Greenfield Police Department gets new defibrillators


GREENFIELD — Rod Vawter has been a police officer for 14 years, most of them with the Greenfield Police Department. A couple of months ago, the sergeant arrived on the scene of an incident to find a man with no pulse.

Thanks to training, Vawter didn’t waste a second and knew immediately what to do. He went to work on the man using a portable Lifepak defibrillator, one he carries in his car for situations just like this.

By the time paramedics arrived, the man had a pulse and a fighting chance at life.

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“It really makes it nice to have this kind of tool right there because a lot of times we’re the first people on the scene,” Vawter said.

Thanks to several grants from area businesses, all 28 Greenfield Police Department patrol units will now be equipped with either Lifepak defibrillators or new automated external defibrillators known as AEDs. An AED is a small, lightweight device that allows others to treat sudden cardiac arrest by delivering a shock to the victim’s heart.

The police department was able to purchase seven new state-of-the-art digital AEDs recently and plans to have them in their patrol cars within the next couple of weeks, said Matt Holland, GPD deputy chief.

Holland was doing a standard audit on the police department’s inventory last year when he realized seven officers were not equipped with the life-saving devices.

The portable devices cost approximately $1,325 each. Holland knew the department didn’t have enough money in the budget to buy seven AEDs, so he quickly did some research and applied for a safety grant through the Firehouse Subs Public Safety Foundation. GPD was awarded $5,300 to purchase several.

The police department got the rest of the funding through local grants from Walmart ($3,000); NineStar Connect ($1,325); and Keihin IPT ($1,000.)

“Anytime somebody is suffering a heart attack and there is an AED on the scene, their chances of surviving are a whole lot better,” Holland said.

According to statistics from the National Safety Council, quick access to an AED could increase the odds of survival from about 5 percent to 40 percent and higher, while CPR is only 2 percent to 18 percent effective.

Greenfield police officers normally respond to calls about cardiac arrest and people who are non-responsive.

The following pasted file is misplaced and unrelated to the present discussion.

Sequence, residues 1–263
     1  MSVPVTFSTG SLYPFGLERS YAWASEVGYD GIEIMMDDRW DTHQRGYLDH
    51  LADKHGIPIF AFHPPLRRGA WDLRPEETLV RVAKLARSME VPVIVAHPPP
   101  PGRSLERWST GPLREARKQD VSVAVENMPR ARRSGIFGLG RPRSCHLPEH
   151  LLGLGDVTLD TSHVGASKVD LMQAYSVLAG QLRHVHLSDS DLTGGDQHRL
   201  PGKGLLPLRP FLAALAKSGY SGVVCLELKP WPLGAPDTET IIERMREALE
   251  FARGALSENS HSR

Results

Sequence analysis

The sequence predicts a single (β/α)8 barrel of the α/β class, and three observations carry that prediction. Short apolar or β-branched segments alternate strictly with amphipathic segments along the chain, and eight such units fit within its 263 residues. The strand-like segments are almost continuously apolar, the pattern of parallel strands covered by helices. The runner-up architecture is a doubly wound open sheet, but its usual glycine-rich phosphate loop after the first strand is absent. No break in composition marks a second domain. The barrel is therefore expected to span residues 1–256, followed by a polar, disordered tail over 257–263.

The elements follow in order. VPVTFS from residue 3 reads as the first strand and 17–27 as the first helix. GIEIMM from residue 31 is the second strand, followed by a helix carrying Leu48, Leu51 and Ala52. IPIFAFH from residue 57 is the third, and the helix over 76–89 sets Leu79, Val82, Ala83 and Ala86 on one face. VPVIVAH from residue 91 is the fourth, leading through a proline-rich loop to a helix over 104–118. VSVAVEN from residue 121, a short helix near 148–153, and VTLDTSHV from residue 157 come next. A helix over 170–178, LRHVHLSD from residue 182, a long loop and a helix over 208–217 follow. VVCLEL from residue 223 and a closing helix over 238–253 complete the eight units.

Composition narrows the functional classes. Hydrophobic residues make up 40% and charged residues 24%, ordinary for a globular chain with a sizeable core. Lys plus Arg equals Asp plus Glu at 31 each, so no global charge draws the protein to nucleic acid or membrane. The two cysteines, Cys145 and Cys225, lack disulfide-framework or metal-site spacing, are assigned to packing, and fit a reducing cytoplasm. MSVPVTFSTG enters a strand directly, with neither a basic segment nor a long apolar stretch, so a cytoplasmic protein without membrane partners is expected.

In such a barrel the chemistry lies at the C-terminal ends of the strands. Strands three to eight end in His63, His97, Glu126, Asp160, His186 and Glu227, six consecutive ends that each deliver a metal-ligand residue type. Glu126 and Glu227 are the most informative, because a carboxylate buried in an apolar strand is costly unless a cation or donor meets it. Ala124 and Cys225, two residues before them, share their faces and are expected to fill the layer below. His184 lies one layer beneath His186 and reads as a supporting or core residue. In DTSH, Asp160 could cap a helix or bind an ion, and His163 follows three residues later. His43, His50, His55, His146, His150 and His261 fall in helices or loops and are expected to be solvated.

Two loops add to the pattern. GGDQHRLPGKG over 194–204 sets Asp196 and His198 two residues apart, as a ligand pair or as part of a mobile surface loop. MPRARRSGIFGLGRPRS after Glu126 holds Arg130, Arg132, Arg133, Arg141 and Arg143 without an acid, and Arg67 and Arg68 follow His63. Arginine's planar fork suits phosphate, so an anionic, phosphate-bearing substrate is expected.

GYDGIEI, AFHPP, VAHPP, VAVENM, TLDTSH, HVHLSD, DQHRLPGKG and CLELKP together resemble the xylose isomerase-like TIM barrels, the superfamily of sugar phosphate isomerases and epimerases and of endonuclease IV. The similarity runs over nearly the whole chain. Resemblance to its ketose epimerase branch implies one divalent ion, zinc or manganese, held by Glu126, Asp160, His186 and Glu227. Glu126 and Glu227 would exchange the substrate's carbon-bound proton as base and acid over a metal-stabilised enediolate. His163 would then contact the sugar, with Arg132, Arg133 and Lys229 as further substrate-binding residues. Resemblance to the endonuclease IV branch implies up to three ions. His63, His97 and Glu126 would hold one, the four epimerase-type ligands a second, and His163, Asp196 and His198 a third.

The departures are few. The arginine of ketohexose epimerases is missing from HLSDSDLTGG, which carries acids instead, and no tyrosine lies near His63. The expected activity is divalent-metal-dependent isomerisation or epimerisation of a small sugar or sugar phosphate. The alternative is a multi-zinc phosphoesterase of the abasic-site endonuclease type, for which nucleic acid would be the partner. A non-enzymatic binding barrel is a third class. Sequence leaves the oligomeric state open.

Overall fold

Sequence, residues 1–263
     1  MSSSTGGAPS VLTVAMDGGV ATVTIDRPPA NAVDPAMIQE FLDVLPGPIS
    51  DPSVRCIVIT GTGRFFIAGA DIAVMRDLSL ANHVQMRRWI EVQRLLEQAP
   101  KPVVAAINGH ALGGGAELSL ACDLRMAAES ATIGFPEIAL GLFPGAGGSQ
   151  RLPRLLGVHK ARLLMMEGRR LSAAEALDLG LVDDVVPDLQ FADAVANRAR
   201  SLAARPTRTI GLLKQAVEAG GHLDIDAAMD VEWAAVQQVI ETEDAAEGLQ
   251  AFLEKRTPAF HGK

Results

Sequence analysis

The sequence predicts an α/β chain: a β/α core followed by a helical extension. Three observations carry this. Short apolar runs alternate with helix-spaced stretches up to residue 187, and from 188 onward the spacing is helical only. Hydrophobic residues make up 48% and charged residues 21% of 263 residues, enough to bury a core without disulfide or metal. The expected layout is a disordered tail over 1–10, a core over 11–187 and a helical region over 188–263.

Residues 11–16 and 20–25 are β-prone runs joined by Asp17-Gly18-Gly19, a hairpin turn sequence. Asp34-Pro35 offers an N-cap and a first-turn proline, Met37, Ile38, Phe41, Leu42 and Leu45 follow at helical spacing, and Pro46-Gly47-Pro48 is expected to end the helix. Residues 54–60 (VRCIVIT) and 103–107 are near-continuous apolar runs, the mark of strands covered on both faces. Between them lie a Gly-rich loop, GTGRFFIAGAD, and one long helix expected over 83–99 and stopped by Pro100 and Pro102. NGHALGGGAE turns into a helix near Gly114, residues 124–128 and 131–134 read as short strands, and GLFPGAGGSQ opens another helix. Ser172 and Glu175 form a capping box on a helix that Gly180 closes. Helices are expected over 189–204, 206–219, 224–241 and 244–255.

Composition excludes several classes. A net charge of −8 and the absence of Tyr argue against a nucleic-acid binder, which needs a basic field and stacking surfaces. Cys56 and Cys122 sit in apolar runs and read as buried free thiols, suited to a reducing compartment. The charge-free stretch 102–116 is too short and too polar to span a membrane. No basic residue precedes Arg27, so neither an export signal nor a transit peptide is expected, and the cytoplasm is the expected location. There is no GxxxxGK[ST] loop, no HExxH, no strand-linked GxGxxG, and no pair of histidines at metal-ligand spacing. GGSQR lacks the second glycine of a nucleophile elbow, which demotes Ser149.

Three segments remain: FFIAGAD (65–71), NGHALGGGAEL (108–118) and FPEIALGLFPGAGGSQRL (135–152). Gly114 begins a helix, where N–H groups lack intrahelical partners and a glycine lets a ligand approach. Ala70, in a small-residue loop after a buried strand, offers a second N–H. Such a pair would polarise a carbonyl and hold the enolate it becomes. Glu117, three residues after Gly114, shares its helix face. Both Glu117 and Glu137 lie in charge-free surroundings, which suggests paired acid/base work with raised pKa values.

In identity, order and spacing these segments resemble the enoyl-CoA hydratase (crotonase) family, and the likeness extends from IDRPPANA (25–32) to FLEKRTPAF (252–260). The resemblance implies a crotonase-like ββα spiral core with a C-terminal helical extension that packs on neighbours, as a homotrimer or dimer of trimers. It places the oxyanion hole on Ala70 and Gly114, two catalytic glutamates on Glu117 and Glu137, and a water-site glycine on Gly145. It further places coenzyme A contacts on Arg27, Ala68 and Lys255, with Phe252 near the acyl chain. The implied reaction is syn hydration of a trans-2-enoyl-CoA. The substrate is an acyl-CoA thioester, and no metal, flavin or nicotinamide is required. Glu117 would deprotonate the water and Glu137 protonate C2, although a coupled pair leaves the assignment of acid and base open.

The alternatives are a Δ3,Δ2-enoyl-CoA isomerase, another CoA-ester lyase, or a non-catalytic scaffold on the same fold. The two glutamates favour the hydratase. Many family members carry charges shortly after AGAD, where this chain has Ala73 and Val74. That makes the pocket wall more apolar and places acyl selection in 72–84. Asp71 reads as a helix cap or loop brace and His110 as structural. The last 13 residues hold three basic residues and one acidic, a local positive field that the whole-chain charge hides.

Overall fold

The newer defibrillators are more sophisticated than the older Lifepaks. Department officials plan to gradually replace the older units.

Other agencies also carry the devices. The Hancock County Sheriff’s Department equips its deputies with AEDs. Indiana State Police has 465 AEDs in vehicles, the agency says.

Training on the units is fairly easy. It takes about 20 minutes and is normally done when officers go through annual CPR certification, Holland said.

The newer units also come with operating instructions via a voice tutorial to help talk the operator through the work should they forget the training.

“It’s really pretty self-explanatory,” Holland said.

Vawter has never felt nervous when using his portable defibrillator, he said. He estimates paramedics arrive on the scene at the same time as police officers about 80 percent of the time. He’s glad he has the defibrillator unit on those occasions when they don’t.

“There’s nothing worse than being on the scene and not being able to do something while you’re waiting for the paramedics,” Vawter said.

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A defibrillator is a small, lightweight device that allows others to treat sudden cardiac arrest by delivering a shock to the victim’s chest, ideally re-starting his or her heart. There is no danger of harming a patient who might not need defibrillation because a defibrillator diagnoses dangerous heart rhythms and responds accordingly.

AEDs, or automated external defibrillators, are user-friendly and even "talk" the user through the process. Training is required, but the user doesn’t have to be a medical professional, which is ideal for first responders such as police officers.

Studies have shown that AEDs used in the early stages of cardiac arrest improve the victim’s chances of survival.

Source: National Safety Council